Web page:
Today is World Book Day (in the UK). Roy Gill included me in a chain of posts on favourite childhood books. These are the books that fascinated me as a child, and still influence the types of stories that I want to write and read. How could I not share?
I still dip into the books that I loved as a child and shipped several of to Scotland, or bought new ones when the original language was English. A couple are missing: my H. C. Anderson, for example, and the picture book of The Happy Prince. (I didn’t like the pictures, but I loved the story.) A couple of others are missing from the pictures below. My The Dark is Rising and Narnia boxed sets are in the attic awaiting a move to a bigger flat, and I can’t find Vem skall trösta Knyttet?.
There are other important books missing from my current bookshelves. We had two great big books with images of animals and birds, and a couple of good dictionaries (both incomplete). I’d pick one and spend hours reading random entries and looking at the pictures.
4 comments on “Favourite childhood books for World Book Day”
“The Cucumber King”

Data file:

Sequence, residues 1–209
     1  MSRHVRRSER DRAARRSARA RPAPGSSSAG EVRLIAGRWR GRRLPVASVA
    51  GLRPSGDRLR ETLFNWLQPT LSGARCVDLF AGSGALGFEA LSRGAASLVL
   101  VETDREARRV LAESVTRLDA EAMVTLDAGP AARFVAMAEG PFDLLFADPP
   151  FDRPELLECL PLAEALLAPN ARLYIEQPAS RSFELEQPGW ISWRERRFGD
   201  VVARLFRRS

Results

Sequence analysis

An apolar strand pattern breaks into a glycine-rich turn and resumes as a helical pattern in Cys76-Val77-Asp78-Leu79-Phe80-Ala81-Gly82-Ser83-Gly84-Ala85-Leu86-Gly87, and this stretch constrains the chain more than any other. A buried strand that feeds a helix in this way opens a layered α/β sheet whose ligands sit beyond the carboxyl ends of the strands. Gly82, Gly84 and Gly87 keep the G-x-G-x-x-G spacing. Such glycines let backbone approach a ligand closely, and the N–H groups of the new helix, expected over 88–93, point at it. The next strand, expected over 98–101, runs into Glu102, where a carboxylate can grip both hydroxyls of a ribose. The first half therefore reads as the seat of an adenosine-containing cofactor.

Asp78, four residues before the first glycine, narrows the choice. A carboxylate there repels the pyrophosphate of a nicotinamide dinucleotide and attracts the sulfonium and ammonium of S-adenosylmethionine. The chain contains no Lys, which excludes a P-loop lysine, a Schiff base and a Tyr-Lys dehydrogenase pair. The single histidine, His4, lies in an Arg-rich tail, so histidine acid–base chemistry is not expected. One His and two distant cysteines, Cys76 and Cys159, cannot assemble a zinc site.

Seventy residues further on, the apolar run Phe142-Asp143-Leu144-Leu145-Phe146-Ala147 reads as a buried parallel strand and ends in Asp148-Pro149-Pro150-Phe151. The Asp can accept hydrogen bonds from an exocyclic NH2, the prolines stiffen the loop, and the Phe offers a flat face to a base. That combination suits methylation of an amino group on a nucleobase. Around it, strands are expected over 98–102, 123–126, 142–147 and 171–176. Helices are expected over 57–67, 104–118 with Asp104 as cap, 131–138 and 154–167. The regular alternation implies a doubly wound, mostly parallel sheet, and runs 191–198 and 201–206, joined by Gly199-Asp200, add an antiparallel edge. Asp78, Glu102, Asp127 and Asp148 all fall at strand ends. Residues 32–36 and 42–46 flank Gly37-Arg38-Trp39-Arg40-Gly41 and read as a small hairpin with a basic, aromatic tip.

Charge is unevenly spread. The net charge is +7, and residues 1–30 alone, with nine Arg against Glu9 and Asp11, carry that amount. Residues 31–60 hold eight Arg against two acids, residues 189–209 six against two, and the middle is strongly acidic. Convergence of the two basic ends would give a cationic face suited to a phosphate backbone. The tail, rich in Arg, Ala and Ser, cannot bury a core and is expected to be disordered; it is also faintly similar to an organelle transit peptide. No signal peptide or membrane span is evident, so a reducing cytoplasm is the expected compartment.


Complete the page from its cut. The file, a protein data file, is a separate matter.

There’s something about that picture. I don’t know what it is… shiver.
It’s not by HP Lovecraft is it?
“There was something wrong about the man. He walked through the door and in the dim half light I saw it. His skin was dark green and glistened. As he moved toward me in the twilight the shadows picked out tiny ridges and channels that showed that this was not mammalian skin it was something else – something rough. On his hands he wore little white gloves and one of them raised as if in greeting. And then I saw the smiling face. It didn’t have lips but a crack which pulled back exposing lighter succulent flesh within and from the edges a thin milky fluid drooled.”
Love the description!
The Cucumber King teaches important lessons about democracy through the medium of fictional cucumber people. I think I was probably brought up a republican, but this book may have influenced my staying that way.
Heh, it was hastily typed. There’s something vaguely horrific about a cucumber person.
And now that you’ve told me what the story was about I suspect I was … right.